(St. John’s Anglican Cemetery in Sandwich Town was open to the public during Doors Open Windsor on Saturday, September 22, 2018. Photo above by Robert Tuomi / Eyes On Windsor.)
Although this weekend’s city-wide event was dubbed Doors Open Windsor, one of the most popular sites actually had no doors. A steady flow of visitors were found touring the cemetery next to Sandwich Town’s St. John’s Anglican Church. And for good reason. Peter Berry, a volunteer at the Church, told Eyes on Windsor about the historic significance of the burial ground.
It is the final resting place for many of the men and women who built the foundations of Canada. This, he emphasizes, attests to the importance of Windsor and Detroit in Canada’s earliest days.
Some of the history of the adjacent church is rather amusing including the reason parishioners used to lick its doors. The hardy wooden doors, explained volunteer Bill Jones, were made from whisky producer Hiram Walker and Sons’ Cyprus casks. It is not uncommon for a bit of the whisky to migrate to the barrel’s walls, which the churchgoers were not hesitant to enjoy.
Eighty-eight year old Jones is somewhat of a legend in the graveyard. The former computer instructor at St. Clair College joined the industry in 1958 working for Chryslers, as the local automaker is most often known. For the past 40 years he has dedicated his time to looking into the history of the pioneers buried there including the stories behind its oldest tombstone. A four sided monument, it is a marker for the members of the Mears family and was placed in the cemetery in 1793 following the death of family member Margaret Wilson of Amsterdam, New York.
Of particular interest to Berry, are the tombstones of those with military service. While 75 have been identified, he thinks there are many more. Sometimes the monuments have not stood the test of time including the one of L.S. James E. Silk. It was what first brought Berry to the cemetery after hearing of the tragic sinking of the HMCS Skeena during a storm in Reykjavik, Iceland’s harbor in 1944.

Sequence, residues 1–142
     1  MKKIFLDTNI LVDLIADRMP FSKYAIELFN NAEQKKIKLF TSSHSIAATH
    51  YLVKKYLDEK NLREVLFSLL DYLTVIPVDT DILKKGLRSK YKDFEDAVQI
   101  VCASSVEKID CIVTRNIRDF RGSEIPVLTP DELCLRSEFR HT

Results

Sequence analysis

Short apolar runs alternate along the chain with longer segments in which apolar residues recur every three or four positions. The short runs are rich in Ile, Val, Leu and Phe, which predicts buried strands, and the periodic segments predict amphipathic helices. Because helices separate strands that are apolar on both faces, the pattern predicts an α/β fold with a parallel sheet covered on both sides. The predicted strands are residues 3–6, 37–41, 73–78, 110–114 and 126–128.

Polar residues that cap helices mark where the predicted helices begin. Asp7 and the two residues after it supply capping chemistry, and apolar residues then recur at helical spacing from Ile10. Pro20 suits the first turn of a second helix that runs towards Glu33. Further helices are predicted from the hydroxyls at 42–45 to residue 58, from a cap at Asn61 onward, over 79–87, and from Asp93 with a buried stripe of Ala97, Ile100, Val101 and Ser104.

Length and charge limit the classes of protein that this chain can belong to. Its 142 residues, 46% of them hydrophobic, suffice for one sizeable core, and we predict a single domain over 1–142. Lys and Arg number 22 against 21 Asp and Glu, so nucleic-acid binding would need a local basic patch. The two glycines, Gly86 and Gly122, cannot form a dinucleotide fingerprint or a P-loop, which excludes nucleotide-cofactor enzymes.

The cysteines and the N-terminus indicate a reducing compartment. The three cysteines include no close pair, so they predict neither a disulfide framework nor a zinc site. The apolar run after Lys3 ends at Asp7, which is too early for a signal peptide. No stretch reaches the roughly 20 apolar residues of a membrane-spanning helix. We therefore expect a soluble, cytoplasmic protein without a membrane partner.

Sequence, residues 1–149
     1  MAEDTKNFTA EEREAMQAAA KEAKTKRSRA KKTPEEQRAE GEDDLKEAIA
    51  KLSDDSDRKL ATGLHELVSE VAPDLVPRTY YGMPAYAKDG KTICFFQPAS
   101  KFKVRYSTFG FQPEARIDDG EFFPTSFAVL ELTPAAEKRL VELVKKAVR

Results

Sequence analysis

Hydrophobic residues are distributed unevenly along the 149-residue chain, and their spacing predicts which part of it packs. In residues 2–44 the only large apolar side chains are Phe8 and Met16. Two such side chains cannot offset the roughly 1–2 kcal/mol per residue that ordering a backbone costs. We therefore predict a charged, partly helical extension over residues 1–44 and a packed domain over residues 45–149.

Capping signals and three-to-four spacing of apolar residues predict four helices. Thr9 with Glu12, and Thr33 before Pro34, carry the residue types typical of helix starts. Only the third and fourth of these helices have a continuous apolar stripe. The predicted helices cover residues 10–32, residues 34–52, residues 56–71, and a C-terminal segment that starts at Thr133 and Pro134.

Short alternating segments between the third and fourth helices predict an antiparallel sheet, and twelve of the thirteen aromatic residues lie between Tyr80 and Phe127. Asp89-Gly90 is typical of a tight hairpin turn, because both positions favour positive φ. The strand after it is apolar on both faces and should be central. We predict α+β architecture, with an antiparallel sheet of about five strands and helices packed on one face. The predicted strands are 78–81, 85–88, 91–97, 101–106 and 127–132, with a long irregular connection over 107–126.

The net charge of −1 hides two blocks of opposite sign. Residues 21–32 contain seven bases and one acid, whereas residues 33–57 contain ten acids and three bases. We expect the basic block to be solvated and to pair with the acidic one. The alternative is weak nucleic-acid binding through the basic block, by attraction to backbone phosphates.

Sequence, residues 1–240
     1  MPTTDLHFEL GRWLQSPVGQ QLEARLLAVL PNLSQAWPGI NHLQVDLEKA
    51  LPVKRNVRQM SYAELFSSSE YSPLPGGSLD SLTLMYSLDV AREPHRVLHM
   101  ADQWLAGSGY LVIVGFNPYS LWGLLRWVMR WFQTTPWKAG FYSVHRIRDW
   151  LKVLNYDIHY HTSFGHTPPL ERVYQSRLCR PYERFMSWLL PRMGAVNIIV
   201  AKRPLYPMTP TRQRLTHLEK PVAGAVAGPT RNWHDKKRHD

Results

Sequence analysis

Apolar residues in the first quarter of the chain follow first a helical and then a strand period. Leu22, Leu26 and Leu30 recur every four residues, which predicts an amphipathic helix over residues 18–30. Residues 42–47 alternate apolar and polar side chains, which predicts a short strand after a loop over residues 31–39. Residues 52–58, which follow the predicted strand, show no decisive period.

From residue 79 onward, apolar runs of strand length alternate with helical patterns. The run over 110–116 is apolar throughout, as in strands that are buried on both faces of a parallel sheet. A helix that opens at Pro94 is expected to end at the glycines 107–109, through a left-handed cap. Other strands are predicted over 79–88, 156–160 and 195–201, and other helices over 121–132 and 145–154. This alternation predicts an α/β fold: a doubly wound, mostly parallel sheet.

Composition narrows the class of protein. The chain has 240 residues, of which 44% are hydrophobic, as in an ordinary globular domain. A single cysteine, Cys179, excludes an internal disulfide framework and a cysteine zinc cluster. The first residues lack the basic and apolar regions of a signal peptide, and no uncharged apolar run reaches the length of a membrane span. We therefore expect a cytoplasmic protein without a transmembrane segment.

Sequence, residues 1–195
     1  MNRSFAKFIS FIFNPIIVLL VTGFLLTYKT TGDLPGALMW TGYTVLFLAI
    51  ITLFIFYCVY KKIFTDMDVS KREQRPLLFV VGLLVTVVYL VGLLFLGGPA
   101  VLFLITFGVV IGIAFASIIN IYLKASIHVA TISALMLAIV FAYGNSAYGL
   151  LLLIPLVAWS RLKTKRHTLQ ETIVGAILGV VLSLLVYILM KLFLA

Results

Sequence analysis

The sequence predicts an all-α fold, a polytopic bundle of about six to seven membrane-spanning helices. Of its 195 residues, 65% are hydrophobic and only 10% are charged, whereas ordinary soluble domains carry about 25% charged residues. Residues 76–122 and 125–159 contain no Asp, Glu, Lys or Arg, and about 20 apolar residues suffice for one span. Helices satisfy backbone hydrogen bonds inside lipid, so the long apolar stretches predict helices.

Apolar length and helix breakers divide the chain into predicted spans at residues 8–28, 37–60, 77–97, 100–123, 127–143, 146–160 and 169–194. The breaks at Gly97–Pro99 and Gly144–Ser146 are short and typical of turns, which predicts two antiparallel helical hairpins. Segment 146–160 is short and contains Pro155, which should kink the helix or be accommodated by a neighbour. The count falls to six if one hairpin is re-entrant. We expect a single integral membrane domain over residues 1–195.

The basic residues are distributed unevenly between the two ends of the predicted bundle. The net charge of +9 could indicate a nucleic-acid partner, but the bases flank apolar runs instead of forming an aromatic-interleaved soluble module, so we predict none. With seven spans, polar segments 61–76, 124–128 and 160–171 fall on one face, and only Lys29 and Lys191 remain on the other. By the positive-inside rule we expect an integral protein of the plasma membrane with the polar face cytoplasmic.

Silk was 24 at the time. His final resting place is at a memorial in the country’s capital established to honour the lost sailors.
Berry was instrumental in restoring Silk’s monument with financial help by the Questers, a group with a focus on local history and culture. Windsor’s chapter, the first in Canada, was granted its charter in 1967.
One of the oldest houses in Sandwich, if not the oldest, was probably erected in 1797, a year before the historic Baby House in the old town was completed. Evidence supporting this is a King George III deed.
Today the 221 year old edifice is known as the Old Towne Bake Shoppe, a first floor business operated by local community activist Mary Ann Cuderman. Doors Open visitors were in for a rare treat, a full tour of the building’s two levels. They found its spacious rooms outfitted with antiques but what was most remarkable is the workmanship of the structure. In particular, its rock solid stairways do not squeak when used.
And, despite its age, the house does have modern amenities, including forced air heating, an obvious more recent addition.
Sandwich is one of the most historic places in the country with an eclectic mix of architecture including a house built reminiscent of those housing the slaves who toiled on southern United States’ plantations. Some of them managed to escape slavery and followed the path of the Underground Railroad to a new life in Sandwich and brought this bit of historic style with them.
Editors note: The Doors Open Windsor Tour is an initiative to open up buildings that would not normally be accessible to the public. This celebration of our built heritage comes around only every two years.
Article by Robert Tuomi
For over a decade, Robert has covered local news and community events. Initially as a contributor to CBC Radio’s local morning show and then as the long-time producer and host of CJAM’s The Rest of the News and as a journalist at the Windsor Square. A graduate of the Nikon School of Photography he enjoys illustrating his reports with what he sees through his camera’s lens.